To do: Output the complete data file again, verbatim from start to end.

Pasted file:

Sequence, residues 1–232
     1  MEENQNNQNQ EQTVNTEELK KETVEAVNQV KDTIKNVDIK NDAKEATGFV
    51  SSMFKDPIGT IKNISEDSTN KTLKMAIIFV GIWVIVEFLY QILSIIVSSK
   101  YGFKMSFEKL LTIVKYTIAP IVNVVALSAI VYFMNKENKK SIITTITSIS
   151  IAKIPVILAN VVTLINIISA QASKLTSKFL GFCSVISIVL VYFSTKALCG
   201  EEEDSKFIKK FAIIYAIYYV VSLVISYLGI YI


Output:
Sequence, residues 1–232
     1  MEENQNNQNQ EQTVNTEELK KETVEAVNQV KDTIKNVDIK NDAKEATGFV
    51  SSMFKDPIGT IKNISEDSTN KTLKMAIIFV GIWVIVEFLY QILSIIVSSK
   101  YGFKMSFEKL LTIVKYTIAP IVNVVALSAI VYFMNKENKK SIITTITSIS
   151  IAKIPVILAN VVTLINIISA QASKLTSKFL GFCSVISIVL VYFSTKALCG
   201  EEEDSKFIKK FAIIYAIYYV VSLVISYLGI YI